Thrillers With Attitude Literary Smorgasbord: Gary Little

If you have ever been anywhere near a writing group or book festival of any kind, you will know that writers come in all shapes and sizes, from big, robust circles, to tiny, stabby stars. They come in different flavours too, from cool, classic vanilla, to eyeball-exploding, triple-hot chilli sauce. Some of the nicest people around are writers, but some of them truly are mad, bad and dangerous to know.

I have undertaken to meet up with a few of these weirdly-shaped and strangely flavoured writers, some well-established, others emerging, so that you, dear reader, can find out more about them without endangering body or soul. Welcome then, to the Thrillers With Attitude Literary Smorgasbord. My guest this week is comedian, Gary Little.  

Hi Gary, thank you for agreeing to take part in the Literary Smorgasbord. Tell me a little bit about yourself.
A 51yr old Glaswegian. Since 2003 I’ve been doing Stand up Comedy for a living.
What were you like at school?

Most of my report cards probably had chatterbox written on them! I was the class clown, trying to impress my pals.

You have a colourful life story, some of which you refer to in your stand-up, but what has been the evolution of Gary Little the comedian?

I was always trying to entertain people at parties. The guy you thought was funny, or an arsehole. Or both. Someone had seen me a few times, and suggested to someone who ran a comedy night, to give me a shot. I eventually gave it a shot. Then The Stand comedy club had a competition, along with the Daily Record. I was one of the finalists.

I caught your act when you were in Ullapool – it was a cracking night, but what really struck me was the way so many of your stories stayed with me days, and even weeks afterwards.  I think this had something to do with the truth in your act.  You seemed to be laying yourself bare on the stage.  How deep do you dig when you are writing material for your act – how much of yourself are you exposing?

I like telling stories. I feel more comfortable talking about things that are true. I think people can identify with stuff that I’m talking about. Depression, death of my mum, being in jail. All the good stuff! Fortunately a lot of bad stuff has happened in my past, and that’s always funny for other people! Nobody wants to hear good stories.

Can you tell me something about the process of writing a stand-up routine?

For me, most of my stuff will come to me when I’m out walking my dogs. I then just go over it in my head,again and again. Only when I have a show coming up ,will I write it down. Even then it’s not all there.

How do you get a feel for what’s going to work?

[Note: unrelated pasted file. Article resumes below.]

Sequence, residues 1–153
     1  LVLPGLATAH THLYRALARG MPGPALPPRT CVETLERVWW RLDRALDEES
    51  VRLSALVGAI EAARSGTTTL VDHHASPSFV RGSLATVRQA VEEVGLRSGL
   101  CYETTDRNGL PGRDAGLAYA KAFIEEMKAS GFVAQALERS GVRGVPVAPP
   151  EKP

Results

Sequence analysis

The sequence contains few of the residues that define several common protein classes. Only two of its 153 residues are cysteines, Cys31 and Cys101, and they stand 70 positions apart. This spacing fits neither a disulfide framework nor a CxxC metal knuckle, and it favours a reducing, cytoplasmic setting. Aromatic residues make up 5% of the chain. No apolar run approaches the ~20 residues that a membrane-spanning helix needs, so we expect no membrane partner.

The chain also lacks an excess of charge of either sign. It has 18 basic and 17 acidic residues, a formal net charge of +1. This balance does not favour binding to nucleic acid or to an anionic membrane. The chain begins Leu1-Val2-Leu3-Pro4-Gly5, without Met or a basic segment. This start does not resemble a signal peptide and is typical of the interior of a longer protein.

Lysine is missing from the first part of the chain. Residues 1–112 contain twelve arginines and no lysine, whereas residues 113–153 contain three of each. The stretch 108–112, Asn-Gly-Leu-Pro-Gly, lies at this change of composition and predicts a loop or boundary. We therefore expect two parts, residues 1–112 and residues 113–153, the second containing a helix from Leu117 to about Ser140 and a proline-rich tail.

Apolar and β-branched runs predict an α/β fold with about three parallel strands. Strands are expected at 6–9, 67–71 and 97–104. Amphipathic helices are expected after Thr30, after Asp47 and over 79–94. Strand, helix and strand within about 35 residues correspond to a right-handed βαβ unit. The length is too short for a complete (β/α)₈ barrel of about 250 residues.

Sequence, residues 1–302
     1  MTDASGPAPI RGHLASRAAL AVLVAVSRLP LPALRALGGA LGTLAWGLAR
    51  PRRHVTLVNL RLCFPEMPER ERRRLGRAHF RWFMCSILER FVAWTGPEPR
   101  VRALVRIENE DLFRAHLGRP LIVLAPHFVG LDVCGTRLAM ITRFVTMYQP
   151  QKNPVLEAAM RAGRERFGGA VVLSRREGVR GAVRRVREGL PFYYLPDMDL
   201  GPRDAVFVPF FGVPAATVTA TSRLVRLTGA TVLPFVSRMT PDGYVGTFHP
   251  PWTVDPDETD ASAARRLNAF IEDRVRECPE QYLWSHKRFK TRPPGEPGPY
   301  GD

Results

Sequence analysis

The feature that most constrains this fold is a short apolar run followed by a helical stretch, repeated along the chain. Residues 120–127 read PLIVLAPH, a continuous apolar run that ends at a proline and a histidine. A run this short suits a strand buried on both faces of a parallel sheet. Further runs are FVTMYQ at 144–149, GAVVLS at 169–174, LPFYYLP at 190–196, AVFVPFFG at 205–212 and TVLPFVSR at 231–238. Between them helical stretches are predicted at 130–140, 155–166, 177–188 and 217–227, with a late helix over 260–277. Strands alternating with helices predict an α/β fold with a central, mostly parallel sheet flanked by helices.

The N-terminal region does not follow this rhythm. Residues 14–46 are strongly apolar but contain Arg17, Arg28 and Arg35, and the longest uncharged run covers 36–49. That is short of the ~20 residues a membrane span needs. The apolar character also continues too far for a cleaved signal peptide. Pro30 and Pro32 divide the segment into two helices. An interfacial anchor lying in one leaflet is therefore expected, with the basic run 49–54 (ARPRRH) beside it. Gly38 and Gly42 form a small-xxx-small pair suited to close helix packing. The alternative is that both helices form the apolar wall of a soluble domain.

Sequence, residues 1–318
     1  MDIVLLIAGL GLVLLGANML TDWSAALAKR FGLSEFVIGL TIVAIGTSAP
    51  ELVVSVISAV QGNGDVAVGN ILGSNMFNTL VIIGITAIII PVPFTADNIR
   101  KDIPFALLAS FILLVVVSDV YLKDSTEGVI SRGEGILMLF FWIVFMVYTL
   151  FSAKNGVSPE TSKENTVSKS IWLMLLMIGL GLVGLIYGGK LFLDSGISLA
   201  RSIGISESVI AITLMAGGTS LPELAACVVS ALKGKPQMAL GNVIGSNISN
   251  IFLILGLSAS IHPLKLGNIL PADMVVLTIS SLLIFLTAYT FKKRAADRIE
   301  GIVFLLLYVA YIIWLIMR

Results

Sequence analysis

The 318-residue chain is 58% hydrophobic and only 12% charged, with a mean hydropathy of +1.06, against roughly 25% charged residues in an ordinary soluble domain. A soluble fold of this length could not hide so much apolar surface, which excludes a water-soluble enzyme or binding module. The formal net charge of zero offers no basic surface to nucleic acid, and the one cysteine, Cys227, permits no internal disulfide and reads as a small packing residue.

I try the new stuff every week at new material nights in Glasgow. No matter how funny I think it is,only doing it live will tell me if it works.
Have you ever got it badly wrong – as in tumbleweed moments?
I’ve never had total silence! Had a lot of gigs where I never enjoyed it as much as the audience.
When crappy stuff happens, do you ever think, brilliant – material for the act?
That’s my whole set!
Have you ever written, or considered writing, fiction in any form?
I’d love to write something,but I keep thinking I’m kidding myself on. While in prison I wrote a short story that ended up in the book Days Like These. It was all short stories by people who had never been published before. Mine was called The King And I. It was about how I felt when I heard Elvis died.
Are there any writers or comedians who inspire you?
Loads of comics I admire. Charles Bukowski is a writer who makes writing seem easy. Maybe he will inspire me.
Is there a particular story you tell that works every time, or does it depend on the room?
Probably the dog in the park routine. Everyone likes a dug story!
Any favourite stand-up moments?
Playing the Kings Theatre in Glasgow.  Supporting American comic Bill Burr. Performing in New York.  And any audience that is laughing at me is a favourite!
What about the worst?
I played a club in Leeds recently. I knew before the gig started,that it wouldn’t be great. I was right.  That was painful to the ego.
What are you working on right now?
My Edinburgh festival show. I’m at the Stand 9.30pm every night.
What is your writing routine?
I don’t have one. I just talk to myself when I’m out walking the dogs.
What advice would you give the young Gary Little?
Look after your teeth. Learn a musical instrument. Don’t get caught!
I’d pay to watch the film of your life story, but who will play Gary Little on the big screen?
Matt Damon!
A few short questions to finish.  Who is your favourite author? 
Charles Bukowski
Food…
Fish
Drink…
Wine. Red or white
Film…
Cinema Paradiso, Blade Runner, Once upon a time in America… Too many to list!
Comedian…
Billy Connolly,who made it okay to just tell a story. Chic Murray. Loads of club comics who I see every week on the circuit.
Music…
Loads of stuff from Smiths, Joy Division, Scott Walker, to club music.
What are you reading right now?
Ian Banks The Quarry.
It’s been a pleasure having you on the Literary Smorgasbord, Gary.
Gary Little

Gary Little

For tour dates and to find out more about Gary, check out his website.
You can follow him on Facebook and Twitter.
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